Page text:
WASHINGTON — Veterans make up one in four homeless people in the United States, though they are only 11 percent of the general adult population, according to a report to be released Thursday.And homelessness is not just a problem among middle-age and elderly veterans. Younger veterans from Iraq and Afghanistan are trickling into shelters and soup kitchens seeking services, treatment or help with finding a job.
The Veterans Affairs Department has identified 1,500 homeless veterans from the current wars and says 400 of them have participated in its programs specifically targeting homelessness.
The National Alliance to End Homelessness, a public education nonprofit, based the findings of its report on numbers from Veterans Affairs and the Census Bureau. 2005 data estimated that 194,254 homeless people out of 744,313 on any given night were veterans.
In comparison, the VA says that 20 years ago, the estimated number of veterans who were homeless on any given night was 250,000.
Some advocates say the early presence of veterans from Iraq and Afghanistan at shelters does not bode well for the future. It took roughly a decade for the lives of Vietnam veterans to unravel to the point that they started showing up among the homeless. Advocates worry that intense and repeated deployments leave newer veterans particularly vulnerable.
VA offers a wide array of special programs and initiatives specifically designed to help homeless veterans live as self-sufficiently and independently as possible. In fact,VA is the only Federal agency that provides substantial hands-on assistance directly to homeless persons. Although limited to veterans and their dependents, VA’s major homeless-specific programs constitute the largest integrated network of homeless treatment and assistance services in the country.
VA’s specialized homeless veterans treatment programs have grown and developed since they were first authorized in 1987. The programs strive to offer a continuum of services that include:
- aggressive outreach to those veterans living on streets and in shelters who otherwise would not seek assistance;
- clinical assessment and referral to needed medical treatment for physical and psychiatric disorders, including substance abuse;
- long-term sheltered transitional assistance, case management, and rehabilitation;
- employment assistance and linkage with available income supports; and
- supported permanent housing.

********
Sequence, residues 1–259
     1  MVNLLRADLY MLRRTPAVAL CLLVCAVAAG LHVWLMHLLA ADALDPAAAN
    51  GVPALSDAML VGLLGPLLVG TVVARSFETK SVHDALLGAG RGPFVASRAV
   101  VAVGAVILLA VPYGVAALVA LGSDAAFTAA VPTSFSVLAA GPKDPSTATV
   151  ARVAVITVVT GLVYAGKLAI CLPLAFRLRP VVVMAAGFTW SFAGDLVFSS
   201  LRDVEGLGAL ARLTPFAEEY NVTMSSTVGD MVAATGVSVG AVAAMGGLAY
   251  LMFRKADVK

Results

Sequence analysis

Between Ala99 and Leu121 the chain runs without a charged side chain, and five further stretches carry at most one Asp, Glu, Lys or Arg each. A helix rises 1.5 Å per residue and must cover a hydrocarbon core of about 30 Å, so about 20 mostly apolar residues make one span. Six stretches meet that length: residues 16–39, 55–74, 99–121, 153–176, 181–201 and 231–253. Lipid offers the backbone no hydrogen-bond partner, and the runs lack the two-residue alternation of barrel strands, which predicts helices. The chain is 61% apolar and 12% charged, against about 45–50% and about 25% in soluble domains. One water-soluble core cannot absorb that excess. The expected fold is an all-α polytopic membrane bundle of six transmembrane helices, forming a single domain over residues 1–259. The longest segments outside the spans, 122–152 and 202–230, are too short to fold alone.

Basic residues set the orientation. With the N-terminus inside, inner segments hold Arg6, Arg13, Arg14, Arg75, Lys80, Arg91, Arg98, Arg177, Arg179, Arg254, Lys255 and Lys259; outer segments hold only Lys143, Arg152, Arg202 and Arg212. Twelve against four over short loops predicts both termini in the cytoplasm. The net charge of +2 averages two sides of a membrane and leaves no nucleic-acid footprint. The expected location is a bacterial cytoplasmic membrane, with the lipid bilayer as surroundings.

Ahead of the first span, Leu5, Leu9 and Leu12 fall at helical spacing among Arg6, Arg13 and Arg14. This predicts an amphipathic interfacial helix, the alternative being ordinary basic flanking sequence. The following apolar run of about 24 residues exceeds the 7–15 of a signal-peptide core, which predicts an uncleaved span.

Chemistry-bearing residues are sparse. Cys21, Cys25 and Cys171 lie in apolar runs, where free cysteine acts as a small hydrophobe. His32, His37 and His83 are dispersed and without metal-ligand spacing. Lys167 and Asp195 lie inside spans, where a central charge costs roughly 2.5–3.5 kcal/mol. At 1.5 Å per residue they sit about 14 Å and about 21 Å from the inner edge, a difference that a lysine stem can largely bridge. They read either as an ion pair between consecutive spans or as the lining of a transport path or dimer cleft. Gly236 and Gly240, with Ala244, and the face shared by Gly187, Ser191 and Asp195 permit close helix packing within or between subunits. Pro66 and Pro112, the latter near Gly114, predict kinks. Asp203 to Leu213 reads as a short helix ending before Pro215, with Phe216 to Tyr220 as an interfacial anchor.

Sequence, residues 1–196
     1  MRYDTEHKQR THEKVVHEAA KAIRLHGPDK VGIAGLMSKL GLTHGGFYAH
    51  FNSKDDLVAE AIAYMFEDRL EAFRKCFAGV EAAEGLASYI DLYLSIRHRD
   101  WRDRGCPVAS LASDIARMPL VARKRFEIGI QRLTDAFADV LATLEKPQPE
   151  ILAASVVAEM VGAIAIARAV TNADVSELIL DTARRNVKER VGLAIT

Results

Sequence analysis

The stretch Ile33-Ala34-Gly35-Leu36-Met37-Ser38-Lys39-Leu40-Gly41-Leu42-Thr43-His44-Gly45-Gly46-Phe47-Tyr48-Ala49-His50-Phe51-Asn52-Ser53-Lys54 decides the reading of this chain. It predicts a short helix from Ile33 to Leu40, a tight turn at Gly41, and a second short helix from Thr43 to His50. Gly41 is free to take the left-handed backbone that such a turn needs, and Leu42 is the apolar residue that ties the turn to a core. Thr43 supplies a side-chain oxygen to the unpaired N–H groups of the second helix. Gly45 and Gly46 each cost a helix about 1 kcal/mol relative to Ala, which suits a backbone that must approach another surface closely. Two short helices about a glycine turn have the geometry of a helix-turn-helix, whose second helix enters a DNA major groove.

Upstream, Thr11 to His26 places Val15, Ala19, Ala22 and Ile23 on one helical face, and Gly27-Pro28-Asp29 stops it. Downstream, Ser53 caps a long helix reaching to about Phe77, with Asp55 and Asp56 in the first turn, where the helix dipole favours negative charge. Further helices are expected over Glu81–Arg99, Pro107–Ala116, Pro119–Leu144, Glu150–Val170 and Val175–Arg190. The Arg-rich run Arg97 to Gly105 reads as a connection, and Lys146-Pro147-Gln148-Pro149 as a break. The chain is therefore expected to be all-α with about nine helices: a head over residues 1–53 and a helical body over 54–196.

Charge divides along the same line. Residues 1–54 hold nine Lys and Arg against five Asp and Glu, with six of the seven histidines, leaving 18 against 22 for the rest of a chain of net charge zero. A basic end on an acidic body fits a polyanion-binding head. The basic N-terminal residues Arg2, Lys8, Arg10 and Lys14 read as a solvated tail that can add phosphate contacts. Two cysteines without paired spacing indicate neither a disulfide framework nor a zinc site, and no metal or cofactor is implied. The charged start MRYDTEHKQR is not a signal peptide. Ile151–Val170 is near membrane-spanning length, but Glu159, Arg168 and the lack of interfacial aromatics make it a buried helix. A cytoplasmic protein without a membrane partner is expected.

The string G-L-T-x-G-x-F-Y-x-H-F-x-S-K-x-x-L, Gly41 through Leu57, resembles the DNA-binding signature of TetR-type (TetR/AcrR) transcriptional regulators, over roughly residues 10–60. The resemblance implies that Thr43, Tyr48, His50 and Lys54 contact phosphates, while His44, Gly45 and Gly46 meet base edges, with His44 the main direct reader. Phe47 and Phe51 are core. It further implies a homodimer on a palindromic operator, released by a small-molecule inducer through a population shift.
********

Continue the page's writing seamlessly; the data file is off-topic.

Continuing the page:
If the existing Veterans Services was successful, there wouldn’t be 1 veteran for every 4 homeless persons accounted for. You know, accounted for are the operative words here. I took the liberty of re-printing a piece of an Op-Ed by David W. Gorman, Washington HQ Executive Director, of Disabled American Veterans:
Here’s the truth about the human cost borne by the troops in Iraq and Afghanistan as shown by data from the U.S. Department of Veterans Affairs (VA). Of the 1.5 million troops who served in Iraq or Afghanistan, 720,000 (48%) are now veterans in the civilian population. Of these, 202,000 have filed claims for VA disability benefits. The VA granted benefits in more than 90% of the cases processed so far, and will grant more upon appeal or presentation of additional evidence. In other words, real statistics show that one out of four veterans from Iraq and Afghanistan is disabled in military service. This should shock no one as troops return to the war zones for their third, fourth, and now fifth tours of combat duty.
Why is the US Government so adept at breaking things and so incompetent at fixing what it broke. This is a basic premise for civilizations. Responsibility for actions and accountability to your population. This appears to be lost on this American Government. Take what it can. Use it until it breaks. Throw it away and find another. That’s not how it is supposed to work. That is childish, spoiled bully thinking. We reap what we sow. We have sown a sick system. We need to take responsibility for our own actions before we can expect the same from those we elect. Elect we must.
All BossKitty asks is that you pay close attention to the decision you make that will determine the fate of our world. These homeless veterans all have something in common. They trusted the American Government system. They put themselves in harms way at the order of the government. The government puts a complicated system in place that works OK only if you can navigate it. Every chance it gets, the government makes it nearly impossible to keep up with the human destruction it has wrought. These homeless veterans are now fighting to survive at home.